Book Review: The Design of Everyday Things (Part I)
On my quest to higher learning in Human Centered design, I found this book on most blogs I’ve come across. Whitney Hess, a well-known User Experience Coach, once added this book to her library. A TED article included this to a list of Books to read on when you want to start your journey in the field of design.
What really made me want to read this book was the fact that this was originally published in 1988 under the title “The Psychology of Everyday Things” (POET) and had been recommended by most design institutes to study on for their students.
It reminded me of classic stories like those by Shakespeare and J.R.R. Tolkein which get a new version every year. What does DOET “The Design of Everyday Things” have and why did the author, Don Norman, create a new version for this?
Technology evolves quite rapidly. I am quite fortunate to have experienced using a Floppy disc, a game boy, a cassette tape and other gadgets that are considered obsolete now a days. POET’s (this is the first version of the book in 1988) examples were about the gadget that existed in 1980's, which I’m pretty sure people of today would need to research about to see what Don meant about how, where and why it is used. Among his reasons of having a new version was to add bits of information he learned from experience after the book was published, adding new terms like “human-centered design” and “User Experience”. Such terms have not been born during the time when the book was written. A big reason for this was to make sure the book talks in a language the reader of this century can understand. Using examples and products that the reader is familiar of.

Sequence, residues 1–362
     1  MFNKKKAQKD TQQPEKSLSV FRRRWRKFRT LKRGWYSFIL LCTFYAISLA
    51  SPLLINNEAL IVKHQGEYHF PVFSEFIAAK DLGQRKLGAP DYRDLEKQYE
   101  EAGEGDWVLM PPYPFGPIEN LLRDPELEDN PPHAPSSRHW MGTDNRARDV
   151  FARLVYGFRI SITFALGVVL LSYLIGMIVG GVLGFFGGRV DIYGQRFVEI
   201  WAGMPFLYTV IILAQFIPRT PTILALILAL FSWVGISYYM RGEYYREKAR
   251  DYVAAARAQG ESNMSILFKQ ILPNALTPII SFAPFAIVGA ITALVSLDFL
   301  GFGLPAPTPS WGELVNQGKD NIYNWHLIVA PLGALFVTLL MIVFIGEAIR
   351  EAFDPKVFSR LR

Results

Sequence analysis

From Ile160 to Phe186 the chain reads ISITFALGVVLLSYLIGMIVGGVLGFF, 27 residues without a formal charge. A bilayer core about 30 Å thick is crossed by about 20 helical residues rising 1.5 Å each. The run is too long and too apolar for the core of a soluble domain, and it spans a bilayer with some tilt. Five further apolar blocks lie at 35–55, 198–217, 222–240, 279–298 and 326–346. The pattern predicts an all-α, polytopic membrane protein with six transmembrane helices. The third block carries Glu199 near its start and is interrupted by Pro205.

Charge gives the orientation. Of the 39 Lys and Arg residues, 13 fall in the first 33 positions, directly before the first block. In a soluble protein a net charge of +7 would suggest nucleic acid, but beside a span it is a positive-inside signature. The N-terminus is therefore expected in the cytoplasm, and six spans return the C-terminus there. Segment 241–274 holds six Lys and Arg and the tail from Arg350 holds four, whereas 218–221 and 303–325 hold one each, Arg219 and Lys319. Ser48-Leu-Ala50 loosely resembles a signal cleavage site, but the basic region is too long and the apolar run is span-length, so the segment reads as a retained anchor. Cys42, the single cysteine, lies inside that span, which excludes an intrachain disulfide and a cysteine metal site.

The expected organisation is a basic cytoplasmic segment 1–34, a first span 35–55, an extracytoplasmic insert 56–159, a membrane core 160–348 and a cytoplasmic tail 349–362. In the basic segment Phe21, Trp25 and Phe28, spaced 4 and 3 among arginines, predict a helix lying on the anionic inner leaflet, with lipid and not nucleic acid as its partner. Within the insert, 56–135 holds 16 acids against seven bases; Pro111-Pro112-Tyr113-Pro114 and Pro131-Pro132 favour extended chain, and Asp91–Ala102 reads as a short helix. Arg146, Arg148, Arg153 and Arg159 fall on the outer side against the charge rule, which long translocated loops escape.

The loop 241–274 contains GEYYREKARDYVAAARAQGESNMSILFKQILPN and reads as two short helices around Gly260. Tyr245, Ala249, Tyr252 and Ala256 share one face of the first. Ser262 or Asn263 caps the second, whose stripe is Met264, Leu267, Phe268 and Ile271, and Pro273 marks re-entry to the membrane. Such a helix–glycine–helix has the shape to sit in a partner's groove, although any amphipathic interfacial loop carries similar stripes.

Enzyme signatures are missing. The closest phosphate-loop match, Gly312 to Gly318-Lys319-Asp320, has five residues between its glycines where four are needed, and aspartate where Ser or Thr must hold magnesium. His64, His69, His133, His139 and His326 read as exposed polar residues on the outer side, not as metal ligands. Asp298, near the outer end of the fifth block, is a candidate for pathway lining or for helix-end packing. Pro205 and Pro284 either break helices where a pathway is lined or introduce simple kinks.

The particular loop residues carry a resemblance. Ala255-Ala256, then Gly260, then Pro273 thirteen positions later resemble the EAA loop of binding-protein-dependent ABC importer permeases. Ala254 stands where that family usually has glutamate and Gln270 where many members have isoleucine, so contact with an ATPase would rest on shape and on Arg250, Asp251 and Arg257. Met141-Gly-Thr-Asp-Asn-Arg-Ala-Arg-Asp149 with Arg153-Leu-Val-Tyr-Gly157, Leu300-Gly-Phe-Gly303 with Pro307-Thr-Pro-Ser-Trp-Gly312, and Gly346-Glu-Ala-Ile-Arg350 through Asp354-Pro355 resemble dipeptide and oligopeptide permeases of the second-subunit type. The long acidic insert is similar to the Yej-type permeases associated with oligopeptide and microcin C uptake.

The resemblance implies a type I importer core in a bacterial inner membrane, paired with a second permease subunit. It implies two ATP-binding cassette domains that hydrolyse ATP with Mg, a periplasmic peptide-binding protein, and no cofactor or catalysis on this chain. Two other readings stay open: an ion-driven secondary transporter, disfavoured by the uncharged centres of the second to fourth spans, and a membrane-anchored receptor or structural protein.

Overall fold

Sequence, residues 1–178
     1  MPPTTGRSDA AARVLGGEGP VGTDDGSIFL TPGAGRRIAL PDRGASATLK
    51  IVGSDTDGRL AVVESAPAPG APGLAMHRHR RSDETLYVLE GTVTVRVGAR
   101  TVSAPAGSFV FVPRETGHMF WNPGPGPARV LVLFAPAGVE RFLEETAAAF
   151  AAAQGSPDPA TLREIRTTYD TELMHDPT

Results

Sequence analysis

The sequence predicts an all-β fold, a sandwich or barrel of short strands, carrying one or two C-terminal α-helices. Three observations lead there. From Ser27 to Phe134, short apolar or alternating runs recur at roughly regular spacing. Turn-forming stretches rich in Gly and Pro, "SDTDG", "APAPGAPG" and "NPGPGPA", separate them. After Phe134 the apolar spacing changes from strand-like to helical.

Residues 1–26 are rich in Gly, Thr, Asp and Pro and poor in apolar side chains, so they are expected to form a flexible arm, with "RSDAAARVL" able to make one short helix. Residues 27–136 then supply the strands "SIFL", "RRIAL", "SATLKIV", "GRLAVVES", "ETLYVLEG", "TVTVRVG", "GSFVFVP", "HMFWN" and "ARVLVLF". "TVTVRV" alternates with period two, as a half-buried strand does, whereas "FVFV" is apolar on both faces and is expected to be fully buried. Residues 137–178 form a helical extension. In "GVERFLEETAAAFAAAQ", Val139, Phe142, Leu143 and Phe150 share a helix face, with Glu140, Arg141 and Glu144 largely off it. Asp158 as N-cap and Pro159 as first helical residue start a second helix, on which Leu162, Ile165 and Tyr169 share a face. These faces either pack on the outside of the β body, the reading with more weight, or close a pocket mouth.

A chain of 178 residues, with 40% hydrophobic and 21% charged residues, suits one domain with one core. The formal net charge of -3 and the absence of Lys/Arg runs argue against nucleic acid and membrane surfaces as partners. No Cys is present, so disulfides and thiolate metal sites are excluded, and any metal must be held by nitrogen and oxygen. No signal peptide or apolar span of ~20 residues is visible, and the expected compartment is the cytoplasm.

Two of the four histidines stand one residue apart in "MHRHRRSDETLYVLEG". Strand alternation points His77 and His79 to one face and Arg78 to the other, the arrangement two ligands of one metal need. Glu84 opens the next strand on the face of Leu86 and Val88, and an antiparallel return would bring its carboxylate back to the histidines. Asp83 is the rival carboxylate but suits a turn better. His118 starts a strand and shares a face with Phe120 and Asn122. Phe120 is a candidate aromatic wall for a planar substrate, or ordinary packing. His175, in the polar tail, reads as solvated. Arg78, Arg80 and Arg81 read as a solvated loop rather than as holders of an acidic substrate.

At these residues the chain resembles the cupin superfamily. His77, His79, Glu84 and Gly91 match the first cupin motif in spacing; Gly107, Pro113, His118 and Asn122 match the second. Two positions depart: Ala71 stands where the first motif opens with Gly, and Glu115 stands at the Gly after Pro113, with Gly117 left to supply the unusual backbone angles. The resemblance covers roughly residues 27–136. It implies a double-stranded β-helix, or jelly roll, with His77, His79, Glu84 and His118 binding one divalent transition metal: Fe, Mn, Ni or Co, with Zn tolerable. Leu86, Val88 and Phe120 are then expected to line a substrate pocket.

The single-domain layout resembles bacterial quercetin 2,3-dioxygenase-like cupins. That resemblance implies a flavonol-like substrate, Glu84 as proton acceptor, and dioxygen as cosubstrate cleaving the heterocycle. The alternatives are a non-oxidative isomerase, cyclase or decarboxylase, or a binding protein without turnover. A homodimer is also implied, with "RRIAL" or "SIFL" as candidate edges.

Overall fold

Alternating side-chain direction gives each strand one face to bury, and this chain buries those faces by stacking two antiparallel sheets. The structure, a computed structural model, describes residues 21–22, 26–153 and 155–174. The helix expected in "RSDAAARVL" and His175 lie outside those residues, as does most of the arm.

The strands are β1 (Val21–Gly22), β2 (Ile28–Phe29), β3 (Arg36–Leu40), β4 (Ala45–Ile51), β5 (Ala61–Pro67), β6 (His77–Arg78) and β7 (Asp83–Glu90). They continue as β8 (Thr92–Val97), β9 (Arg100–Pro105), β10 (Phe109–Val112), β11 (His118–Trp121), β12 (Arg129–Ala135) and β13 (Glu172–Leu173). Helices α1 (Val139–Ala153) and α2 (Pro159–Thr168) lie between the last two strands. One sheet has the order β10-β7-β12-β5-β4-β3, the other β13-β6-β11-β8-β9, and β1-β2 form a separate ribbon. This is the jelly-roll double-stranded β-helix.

Honestly, when I learned this was a revision from a book published in 1988, I was worried it might be give me outdated examples that I will need to do a lot of Goolging as I read the book.
The author promises to write a newer version for the book a few decades from now, where newer technologies will be born.
But what really makes this book special? A must read for those starting in the design industry?
As far as I have understood in the first few pages, it taught me how even the simplest product can be confusing to a user. Like a door. How can it be complicated? “Norman doors”.
And you never thought about that? Have you? Congratulations then. You haven’t experienced a badly designed door in your entire life. Well, I have. Especially the fridge doors in local stores.